By Deniz Hekmati, BS, NSCA-Certified Strength & Conditioning Specialist
Courtesy of: Deniz Hekmati
Courtesy of: Deniz Hekmati
When constructing a strength training program for swimmers, or any other athletes, it is imperative to establish the goals in the weight room for the entire season and for the separate workouts. When this has been instituted, the next step would be to figure out where to optimally put the workouts for the benefit of the swimmers.
As we know, swimming is a biomechanically crucial sport in terms of technique. Therefore, nothing we do prior to a swimming session should impair the technique or speed. Looking on the other side of the fence, strength training exerts a lot of force and power. In order to lift optimally, the athlete needs not to be fatigued.
The reason we want to establish the goals for the workouts is because either weights or swimming should to be compromised. It will not be optimally beneficial for swimmers to go in to the weight room and lift heavy and for the coaches expecting the swimmers to perform well in a protocol set. Nor will it be to swim 8K before weights. It is not realistic to expect increase in speed and great power or other strength gains under these conditions.
Benefits of weights prior to swimming:
Less risk of injury (better execution of exercises)
Better ability to exert force in order to be more powerful in movements (mainly sprinters)
Greater musculature gains
Benefits of swimming prior to weights:
More energy for high quality sets
Less risk of injury (shoulders, back, knees not pre-fatigued for overuse)
Ultimately, if weights and swimming can be separated from one another the advances will be more beneficial on both ends. Most swimming programs in the world have very predominantly high aerobic training involved, with the exception of programs implementing the new USRPT. Research has shown that combining resistance training with aerobic activity does not show to have as beneficial outcomes as when separating them completely. Swimming after will not necessarily impede the strength gains entirely, but it will not be as efficient as when they are divided. Now, there are a few issues regarding this matter:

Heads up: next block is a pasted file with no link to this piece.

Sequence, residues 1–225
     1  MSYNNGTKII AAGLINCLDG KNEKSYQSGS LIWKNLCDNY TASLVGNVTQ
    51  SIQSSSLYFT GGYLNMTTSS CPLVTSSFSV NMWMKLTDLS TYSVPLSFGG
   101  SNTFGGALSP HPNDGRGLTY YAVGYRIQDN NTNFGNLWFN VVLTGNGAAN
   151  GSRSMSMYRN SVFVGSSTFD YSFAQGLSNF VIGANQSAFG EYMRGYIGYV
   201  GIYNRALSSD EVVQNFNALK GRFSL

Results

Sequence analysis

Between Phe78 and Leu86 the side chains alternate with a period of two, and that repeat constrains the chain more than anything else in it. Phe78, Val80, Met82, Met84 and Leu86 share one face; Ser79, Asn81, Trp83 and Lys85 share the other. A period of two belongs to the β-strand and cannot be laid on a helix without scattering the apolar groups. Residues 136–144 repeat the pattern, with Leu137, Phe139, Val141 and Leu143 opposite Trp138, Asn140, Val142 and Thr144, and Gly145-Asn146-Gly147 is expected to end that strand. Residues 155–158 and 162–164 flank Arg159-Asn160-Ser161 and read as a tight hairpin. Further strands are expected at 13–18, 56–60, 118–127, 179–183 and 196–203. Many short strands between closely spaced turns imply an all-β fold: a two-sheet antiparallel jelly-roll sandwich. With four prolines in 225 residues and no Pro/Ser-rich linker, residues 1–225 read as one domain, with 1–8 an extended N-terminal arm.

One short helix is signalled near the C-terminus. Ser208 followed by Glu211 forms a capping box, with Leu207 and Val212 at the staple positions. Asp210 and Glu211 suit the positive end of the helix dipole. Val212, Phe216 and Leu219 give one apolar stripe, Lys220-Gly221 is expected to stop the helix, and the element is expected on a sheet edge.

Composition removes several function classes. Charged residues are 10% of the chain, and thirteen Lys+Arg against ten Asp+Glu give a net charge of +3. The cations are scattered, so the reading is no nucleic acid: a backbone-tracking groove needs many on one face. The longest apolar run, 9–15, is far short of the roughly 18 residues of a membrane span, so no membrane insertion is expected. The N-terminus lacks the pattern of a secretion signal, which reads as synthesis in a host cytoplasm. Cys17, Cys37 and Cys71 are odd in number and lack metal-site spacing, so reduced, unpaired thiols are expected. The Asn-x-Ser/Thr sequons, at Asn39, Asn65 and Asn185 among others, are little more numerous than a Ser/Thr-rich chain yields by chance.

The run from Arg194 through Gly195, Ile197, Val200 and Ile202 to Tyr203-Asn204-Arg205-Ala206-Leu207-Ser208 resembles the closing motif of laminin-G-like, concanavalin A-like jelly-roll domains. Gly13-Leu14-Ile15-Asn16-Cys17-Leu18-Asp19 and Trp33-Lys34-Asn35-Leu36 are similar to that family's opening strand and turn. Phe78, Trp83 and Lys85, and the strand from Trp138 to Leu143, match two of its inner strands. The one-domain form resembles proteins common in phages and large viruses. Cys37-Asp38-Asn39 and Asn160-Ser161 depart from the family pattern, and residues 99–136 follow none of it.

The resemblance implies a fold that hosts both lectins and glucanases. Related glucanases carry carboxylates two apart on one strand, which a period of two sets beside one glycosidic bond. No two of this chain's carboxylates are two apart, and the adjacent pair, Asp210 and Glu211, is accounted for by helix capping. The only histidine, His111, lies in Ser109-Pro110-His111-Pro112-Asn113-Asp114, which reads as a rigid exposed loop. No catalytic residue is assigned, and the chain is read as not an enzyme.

1) Availability of facilities -- It needs to be convenient to access a facility that best suits the program.
2) Schedule of swimmers -- Age group and Masters swimmers are limited in the amount of time they have to get additional work done outside the pool, so optimizing it will be difficult.
3) Convenience -- It should not become a difficult task to find time or place to get weights in.
4) Individual preference -- Some swimmers might like lifting before or after workout. There is no golden standard that fits all.
Since many programs and swimmers either lift before or after a swim workout, communication between swimming and strength coaches needs to be close to impeccable. That is also why having a strength coach that understands the sport and various sets definitely helps. Depending on the emphasis of the strength program (power output, hypertrophy, prehab, core stabilization etc.) either the swimming or strength portion needs to be adjusted so they do not get the best of each other. Looking at the success of UC-Berkeley, with Nick Folker being their head strength coach who also swam at the Olympics, the interaction between him and the swim coaches were spick-and-span, which was a great part in building the best college teams in history.
Deniz Hekmati was a former collegiate swimmer for Arizona State University and graduated with a degree in Exercise Sciences. He also swam professionally in Sweden, and has multiple national championship medals in the sprint breaststroke events. He currently coaches defending World Champion and world record holder Cesar Cielo in the weight room. Hekmati is the Founder of Swimmer Strength www.swimmerstrength.com
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